SalemNews.com, Salem, MA

Local News

March 13, 2013

Senior center opinions vary

Salem council to discuss new financing proposal tonight

SALEM — Few people would argue with the idea that a new senior center is needed in Salem. Yet residents — and city councilors — are divided over plans to locate it in a public/private development planned for a vacant lot at the intersection of Boston and Bridge streets.

The current facility, at 5 Broad St., is cramped, lacks sufficient parking and needs millions of dollars in repairs. So in 2009, after a previous proposal to put the senior center on the former St. Joseph Church site, the City Council approved a plan to build a new community center as part of the Boston/Bridge Street development. New taxes from the private portion of the building would be used to offset the city’s costs.

The council will discuss a new financing proposal — the last hurdle for the project — tonight at 6:30 at the Senior Center, 5 Broad St. But both sides expect it will reopen the controversial issue of whether to build it there at all.

The Salem News caught up with people downtown yesterday to ask how they felt about the project. Add your own thoughts at www.salemnews.com.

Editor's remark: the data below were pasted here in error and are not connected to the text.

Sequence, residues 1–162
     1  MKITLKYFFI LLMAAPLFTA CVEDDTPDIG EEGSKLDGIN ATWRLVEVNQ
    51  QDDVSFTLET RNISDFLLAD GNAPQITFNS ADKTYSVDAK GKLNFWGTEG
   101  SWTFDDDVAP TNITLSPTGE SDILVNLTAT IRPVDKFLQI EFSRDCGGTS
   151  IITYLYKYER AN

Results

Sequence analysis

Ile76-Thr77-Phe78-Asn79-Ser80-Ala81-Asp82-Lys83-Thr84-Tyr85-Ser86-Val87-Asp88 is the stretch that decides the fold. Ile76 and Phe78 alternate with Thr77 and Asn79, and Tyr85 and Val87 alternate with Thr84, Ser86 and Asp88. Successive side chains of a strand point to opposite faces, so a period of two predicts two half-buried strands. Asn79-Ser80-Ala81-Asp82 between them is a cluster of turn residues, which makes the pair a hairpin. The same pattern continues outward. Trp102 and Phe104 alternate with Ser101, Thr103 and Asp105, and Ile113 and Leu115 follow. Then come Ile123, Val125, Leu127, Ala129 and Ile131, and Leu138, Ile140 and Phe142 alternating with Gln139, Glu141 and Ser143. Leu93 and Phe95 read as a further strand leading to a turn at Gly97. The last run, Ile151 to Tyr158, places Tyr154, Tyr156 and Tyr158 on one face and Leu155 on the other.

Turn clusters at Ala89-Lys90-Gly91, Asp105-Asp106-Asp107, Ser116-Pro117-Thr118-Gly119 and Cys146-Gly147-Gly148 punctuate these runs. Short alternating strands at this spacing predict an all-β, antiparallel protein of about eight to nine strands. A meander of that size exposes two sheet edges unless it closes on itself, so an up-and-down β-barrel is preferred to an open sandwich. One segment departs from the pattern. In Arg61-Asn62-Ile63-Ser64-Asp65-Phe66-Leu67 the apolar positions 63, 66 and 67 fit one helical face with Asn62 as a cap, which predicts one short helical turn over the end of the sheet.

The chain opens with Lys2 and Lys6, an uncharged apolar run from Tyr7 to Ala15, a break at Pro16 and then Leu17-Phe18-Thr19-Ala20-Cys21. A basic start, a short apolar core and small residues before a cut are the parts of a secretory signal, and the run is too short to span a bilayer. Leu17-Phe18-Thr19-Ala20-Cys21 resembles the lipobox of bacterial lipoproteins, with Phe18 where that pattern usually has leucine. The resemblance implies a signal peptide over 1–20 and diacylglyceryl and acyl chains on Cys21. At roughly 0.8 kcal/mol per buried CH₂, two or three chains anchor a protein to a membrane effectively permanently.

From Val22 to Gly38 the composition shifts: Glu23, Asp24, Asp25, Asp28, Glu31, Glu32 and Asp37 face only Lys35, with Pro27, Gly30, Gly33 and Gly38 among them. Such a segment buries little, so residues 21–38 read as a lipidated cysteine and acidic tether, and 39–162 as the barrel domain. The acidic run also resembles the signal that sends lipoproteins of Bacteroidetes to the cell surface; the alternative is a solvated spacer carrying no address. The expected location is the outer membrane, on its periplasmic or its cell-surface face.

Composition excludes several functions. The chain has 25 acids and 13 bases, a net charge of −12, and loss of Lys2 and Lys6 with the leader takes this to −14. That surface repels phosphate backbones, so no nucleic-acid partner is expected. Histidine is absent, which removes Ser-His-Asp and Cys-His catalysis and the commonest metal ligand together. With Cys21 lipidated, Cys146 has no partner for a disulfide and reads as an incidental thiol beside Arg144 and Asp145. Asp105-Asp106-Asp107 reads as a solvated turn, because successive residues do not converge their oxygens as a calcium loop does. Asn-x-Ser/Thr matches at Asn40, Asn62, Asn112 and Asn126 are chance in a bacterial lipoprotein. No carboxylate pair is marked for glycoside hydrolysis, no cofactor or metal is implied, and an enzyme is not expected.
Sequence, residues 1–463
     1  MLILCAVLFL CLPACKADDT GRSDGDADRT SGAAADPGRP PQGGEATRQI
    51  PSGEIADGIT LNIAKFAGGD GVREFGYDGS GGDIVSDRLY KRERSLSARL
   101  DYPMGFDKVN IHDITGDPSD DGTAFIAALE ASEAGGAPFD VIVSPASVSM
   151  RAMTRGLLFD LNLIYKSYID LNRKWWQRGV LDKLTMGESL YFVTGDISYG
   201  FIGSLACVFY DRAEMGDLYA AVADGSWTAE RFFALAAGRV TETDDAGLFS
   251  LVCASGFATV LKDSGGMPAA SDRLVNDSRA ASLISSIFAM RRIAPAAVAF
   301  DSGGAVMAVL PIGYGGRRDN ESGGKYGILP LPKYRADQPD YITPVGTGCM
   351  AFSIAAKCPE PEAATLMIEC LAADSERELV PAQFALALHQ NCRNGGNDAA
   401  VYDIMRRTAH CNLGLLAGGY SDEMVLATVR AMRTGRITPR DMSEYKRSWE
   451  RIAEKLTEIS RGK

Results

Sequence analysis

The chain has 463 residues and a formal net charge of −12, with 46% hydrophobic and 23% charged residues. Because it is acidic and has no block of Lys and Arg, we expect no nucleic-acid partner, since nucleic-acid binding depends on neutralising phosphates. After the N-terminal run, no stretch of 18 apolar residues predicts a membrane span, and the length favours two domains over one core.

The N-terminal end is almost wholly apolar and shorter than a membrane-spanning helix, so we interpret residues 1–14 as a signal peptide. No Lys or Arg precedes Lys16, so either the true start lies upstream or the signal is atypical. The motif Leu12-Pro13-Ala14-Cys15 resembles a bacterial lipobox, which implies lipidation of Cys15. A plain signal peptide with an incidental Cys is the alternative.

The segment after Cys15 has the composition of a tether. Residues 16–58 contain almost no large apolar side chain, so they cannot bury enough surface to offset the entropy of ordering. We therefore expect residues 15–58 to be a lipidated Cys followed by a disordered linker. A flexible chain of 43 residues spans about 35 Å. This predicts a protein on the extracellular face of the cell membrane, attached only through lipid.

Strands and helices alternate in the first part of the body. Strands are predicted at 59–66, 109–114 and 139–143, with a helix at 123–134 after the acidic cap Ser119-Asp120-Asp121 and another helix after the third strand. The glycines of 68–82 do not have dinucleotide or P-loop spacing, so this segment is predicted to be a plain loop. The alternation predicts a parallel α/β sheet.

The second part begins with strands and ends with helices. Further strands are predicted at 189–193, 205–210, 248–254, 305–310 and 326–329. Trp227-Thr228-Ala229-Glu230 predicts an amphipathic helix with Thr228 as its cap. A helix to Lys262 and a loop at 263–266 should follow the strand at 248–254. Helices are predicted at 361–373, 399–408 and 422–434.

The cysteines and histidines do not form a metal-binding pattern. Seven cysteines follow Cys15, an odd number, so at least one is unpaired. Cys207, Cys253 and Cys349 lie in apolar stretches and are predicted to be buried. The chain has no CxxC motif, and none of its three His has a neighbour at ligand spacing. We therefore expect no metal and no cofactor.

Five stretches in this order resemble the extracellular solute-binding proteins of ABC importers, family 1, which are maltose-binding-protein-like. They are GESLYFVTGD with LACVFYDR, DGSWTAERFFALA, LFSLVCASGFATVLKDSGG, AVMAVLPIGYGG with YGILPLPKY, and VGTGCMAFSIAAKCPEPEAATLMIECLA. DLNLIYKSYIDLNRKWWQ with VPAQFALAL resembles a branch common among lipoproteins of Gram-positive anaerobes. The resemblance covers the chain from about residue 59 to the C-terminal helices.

Henry Stenberg

Retired, Salem

“I understand why the mayor’s concerned. ... The current facility doesn’t seem to be up to par. She’s really trying her best,” he said. “I wish (the Boston/Bridge location) were on a bus route. It’s the best they can do for the moment.”

Douglas Bowker

Computer animator, Salem

Bowker has contacted his city councilor, Michael Sosnowski, and his neighbors to urge their support of the Boston/Bridge street project. Bowker used to live two doors down from the Senior Center on Broad Street, and the building “is literally falling down around their ears,” he said.

“It’s an investment, like any other — schools, roads, etc. Also, it sends a signal that our city is moving forward and is in fact investing in the future,” he said. “It’s a perfect place to anchor that end of Bridge Street. You need something there to signal that this is a viable city to live or work in. Right now, (that area) is kind of a desert. This would be a big signal that the city is moving in another direction.”

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